A model for civic education, and an approach for incorporating contentious topics, can be found in Germany’s nonpartisan Federal Agency for Civic Education. Germany established regional civic education offices to facilitate “citizenship education” and provide information on a range of topics. A principle of the German model is that those topics that are most “political” should be the topics most protected from political interference in the school curriculum.
A Recent Example
Massachusetts, as the first state to require middle school and high school students to complete a civics project as part of its curriculum, has taken a positive step towards achieving deeper, community-focused civic education. The Massachusetts bill, An Act to Promote Civic Engagement, passed in 2018, bolsters the teaching of traditional civics topics, such as the founding documents, but it moves beyond book learning to promote the development of skills required of capable citizens.
The bill, with its focus on student-led projects, implements the “action civics” idea. Action civics is an approach by which students identify an issue that impacts their community and then develop an action plan to address the problem. At its root, action civics takes a participatory view of democracy and identifies that students learn best by doing. Action civics is one of the Brown Center’s proven practices and the primary catalyst of the civic learning approach proffered by Generation Citizen, which was part of the coalition supporting the Massachusetts bill. The action civics approach aligns civic learning with the broad push for the development of “21st Century Skills” in K-12 education. Examples include neighborhood sanitation in New York City, as well as Anaheim middle school students improving the quality of water in school drinking fountains.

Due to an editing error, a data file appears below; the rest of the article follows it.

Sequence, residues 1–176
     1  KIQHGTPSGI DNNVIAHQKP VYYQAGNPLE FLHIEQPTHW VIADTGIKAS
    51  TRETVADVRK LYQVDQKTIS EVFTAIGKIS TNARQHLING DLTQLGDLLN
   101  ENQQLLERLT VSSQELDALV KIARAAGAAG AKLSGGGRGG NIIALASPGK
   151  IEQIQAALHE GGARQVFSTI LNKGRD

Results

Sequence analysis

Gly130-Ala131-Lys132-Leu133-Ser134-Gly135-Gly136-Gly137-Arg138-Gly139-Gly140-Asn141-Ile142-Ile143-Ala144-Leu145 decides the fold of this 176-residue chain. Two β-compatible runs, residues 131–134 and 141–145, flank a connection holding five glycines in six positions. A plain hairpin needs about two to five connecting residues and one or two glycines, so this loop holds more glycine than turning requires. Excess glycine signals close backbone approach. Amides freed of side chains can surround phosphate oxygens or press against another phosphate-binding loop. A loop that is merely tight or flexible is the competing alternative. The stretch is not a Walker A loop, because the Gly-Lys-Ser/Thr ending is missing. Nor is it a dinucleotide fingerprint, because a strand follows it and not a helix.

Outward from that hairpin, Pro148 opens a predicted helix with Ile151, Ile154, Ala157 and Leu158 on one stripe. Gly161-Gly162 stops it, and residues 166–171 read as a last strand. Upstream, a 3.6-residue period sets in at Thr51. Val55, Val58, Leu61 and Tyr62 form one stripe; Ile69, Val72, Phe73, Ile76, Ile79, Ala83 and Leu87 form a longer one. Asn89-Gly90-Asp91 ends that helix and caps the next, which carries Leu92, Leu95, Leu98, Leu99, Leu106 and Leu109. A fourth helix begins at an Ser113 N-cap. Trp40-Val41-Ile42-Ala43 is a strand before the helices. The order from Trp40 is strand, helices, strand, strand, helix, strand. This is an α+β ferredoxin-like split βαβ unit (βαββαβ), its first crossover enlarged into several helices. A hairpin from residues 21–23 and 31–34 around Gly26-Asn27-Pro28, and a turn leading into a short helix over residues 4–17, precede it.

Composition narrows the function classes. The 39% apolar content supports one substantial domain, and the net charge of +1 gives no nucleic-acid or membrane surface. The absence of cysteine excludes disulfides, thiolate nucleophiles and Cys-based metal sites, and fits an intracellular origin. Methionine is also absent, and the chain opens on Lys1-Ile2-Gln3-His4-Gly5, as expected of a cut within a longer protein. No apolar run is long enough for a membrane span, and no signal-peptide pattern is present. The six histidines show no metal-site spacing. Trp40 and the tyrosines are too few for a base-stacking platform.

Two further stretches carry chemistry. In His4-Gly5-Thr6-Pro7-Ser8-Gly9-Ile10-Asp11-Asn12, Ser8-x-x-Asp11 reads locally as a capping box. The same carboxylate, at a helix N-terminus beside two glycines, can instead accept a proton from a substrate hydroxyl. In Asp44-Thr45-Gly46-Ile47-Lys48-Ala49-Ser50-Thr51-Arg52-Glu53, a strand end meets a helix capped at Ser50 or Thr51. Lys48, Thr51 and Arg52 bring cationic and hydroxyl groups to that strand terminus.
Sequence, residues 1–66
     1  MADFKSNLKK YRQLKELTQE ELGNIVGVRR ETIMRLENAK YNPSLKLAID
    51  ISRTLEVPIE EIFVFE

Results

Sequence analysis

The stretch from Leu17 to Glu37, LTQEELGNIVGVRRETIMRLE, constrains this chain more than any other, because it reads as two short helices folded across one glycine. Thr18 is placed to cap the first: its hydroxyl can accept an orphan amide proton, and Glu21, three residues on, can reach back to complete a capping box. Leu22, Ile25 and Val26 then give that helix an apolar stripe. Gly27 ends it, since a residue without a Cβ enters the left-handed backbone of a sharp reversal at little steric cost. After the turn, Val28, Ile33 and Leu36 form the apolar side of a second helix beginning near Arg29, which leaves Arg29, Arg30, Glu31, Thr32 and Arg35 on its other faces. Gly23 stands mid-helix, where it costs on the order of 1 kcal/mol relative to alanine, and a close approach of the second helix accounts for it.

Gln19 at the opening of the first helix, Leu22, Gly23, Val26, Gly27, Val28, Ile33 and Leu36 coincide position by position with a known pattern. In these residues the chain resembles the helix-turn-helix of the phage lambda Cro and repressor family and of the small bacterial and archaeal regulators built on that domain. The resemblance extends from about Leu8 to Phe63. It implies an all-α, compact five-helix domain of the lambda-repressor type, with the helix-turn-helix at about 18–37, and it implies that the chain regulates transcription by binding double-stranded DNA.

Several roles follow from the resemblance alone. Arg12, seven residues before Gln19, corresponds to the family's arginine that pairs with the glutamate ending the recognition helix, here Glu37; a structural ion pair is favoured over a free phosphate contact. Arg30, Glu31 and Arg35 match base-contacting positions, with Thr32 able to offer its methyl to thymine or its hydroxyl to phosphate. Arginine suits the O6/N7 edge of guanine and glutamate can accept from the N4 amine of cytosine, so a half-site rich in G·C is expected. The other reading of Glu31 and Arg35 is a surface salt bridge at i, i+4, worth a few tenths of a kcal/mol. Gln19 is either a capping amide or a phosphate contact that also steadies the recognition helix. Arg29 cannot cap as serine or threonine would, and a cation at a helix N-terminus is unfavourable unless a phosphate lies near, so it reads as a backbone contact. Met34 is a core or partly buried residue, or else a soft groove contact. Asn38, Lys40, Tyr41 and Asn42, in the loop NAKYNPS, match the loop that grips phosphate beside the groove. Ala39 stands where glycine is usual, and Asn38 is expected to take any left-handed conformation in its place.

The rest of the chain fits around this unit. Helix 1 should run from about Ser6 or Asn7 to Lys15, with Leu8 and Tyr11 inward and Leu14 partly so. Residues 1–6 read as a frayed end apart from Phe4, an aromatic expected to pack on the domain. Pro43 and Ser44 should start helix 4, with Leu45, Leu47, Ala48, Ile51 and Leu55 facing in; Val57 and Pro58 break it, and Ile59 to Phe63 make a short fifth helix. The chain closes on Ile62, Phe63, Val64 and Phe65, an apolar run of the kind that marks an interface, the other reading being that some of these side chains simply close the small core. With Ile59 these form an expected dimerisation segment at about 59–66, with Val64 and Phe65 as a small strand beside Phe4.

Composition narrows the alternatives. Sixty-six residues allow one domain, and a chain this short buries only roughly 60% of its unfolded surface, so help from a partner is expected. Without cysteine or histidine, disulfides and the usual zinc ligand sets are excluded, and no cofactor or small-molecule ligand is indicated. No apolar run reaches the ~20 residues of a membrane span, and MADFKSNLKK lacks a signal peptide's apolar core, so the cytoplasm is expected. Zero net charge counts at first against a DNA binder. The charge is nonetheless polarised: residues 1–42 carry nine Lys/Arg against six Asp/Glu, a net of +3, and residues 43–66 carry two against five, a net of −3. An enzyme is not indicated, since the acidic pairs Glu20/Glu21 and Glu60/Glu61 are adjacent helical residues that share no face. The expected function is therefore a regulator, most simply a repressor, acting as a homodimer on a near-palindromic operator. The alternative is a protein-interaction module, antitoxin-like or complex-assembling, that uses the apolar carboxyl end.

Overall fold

Subsequent to the passage of the bill by the state legislature, the Massachusetts Department of Elementary and Secondary Education (DESE) released a guidebook which included examples of potential civics project topics for schools, such as youth vaping, transportation, and local police accountability. While implementation primarily occurs at the local level, state support is evident, and necessary, as there will likely be pushback regarding topics some deem too “political.” Other elements of the 2018 bill include the creation of a Civics Project Trust Fund, and competitions at the middle school (statewide civics challenge) and high school (voter registration) levels.